Indirect Costs: The appropriate indirect cost rate and what activities it applies to are generally determined by your institution in negotiation with a federal agency. Be aware that institutions usually negotiate multiple rates, and that, with rare exceptions, your institution’s “Research” rate will not be the appropriate rate to apply to your NEH project budget. The use of this rate is reserved for projects involving scientific research, not scholarly inquiry of the type most often supported by NEH.

As you are preparing your project budget, you will want to work closely with the person or office team that will be responsible for submitting your application on behalf of the institution to the NEH via Grants.gov.  Your institutional grants administrator can help you understand specific institutional policies and will probably have a greater understanding of the 2 CFR Part 200 Uniform Administrative Requirements, Cost Principles, and Audit Requirements for Federal Awards, and the General Terms and Conditions for Awards to Organizations (for grants and cooperative agreements issued December 26, 2014 or later).—two (very long-titled) documents that cover NEH awards.  Yes, it can seem quite technical at times, but you may have colleagues at your institution with more expertise in these areas and are happy to help.

Reviewing the Budget and Final Products and Dissemination

The review criteria for DHAG ask reviewers to determine whether a budget is “reasonable.” Reasonableness relates to the amount requested for the activities proposed in the workplan and the personnel and other costs allocated to achieve the goals. When reviewers feel comfortable with a budget, they tend to say that it is “reasonable,” “appropriate,” or on special occasions, “downright modest.”

Reviewers particularly appreciate attention to aspects of the project that tend to be left out of budgets as this shows a clear commitment to making sure that activity will happen. “Ensuring ADA compliance as a budget line is a good call,” wrote one reviewer.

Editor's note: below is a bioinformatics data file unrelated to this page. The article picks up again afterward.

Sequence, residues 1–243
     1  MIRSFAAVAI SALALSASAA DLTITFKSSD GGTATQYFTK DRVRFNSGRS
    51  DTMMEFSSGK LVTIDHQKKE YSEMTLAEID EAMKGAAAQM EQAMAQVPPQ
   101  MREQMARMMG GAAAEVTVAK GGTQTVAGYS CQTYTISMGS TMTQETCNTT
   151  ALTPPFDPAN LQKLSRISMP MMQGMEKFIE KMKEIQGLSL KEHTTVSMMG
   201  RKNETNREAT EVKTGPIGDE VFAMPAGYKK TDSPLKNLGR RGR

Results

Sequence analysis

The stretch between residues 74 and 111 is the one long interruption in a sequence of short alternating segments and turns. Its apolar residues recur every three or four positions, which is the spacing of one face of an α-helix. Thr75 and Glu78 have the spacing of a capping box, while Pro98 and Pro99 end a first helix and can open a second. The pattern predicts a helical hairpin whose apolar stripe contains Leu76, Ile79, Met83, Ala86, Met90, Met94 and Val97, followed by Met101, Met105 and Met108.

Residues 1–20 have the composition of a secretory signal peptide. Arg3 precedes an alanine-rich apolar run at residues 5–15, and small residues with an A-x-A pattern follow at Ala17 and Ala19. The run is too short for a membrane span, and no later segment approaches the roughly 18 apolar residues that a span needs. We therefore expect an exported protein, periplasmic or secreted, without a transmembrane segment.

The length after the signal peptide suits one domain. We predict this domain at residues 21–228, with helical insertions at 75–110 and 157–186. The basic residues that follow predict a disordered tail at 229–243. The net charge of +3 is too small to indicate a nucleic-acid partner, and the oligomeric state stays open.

One of the first things that reviewers look at is whether a project is asking for the appropriate level of funding. If a project is in the exploratory stages and requests Level III funding, reviewers take note. These proposals are often considered risky for the large funds they require.

Concerns arise when budget items seem unusually high or low. Those with technical experience sometimes wonder whether funds are sufficient for the amount of work required. “My concern is that this budget undershoots what will actually be required,” one reviewer wrote.

Personnel is also an item of concern for reviewers, who look for evidence that compensation is reflective of the full breadth of a collaborative project. Some worry about funds being directed disproportionately towards one or two individuals.

In other cases, reviewers worry that labor is not being sufficiently compensated. “Budget and work plan do not indicate how student programmer labor will be compensated,” one reviewer remarked, reflecting growing concerns about compensating student labor in the digital humanities.

If your budget is working within hidden constraints or if your project has other sources of funding, try to mention this in the budget justification. And make sure to check your math: reviewers will notice if your numbers don’t add up!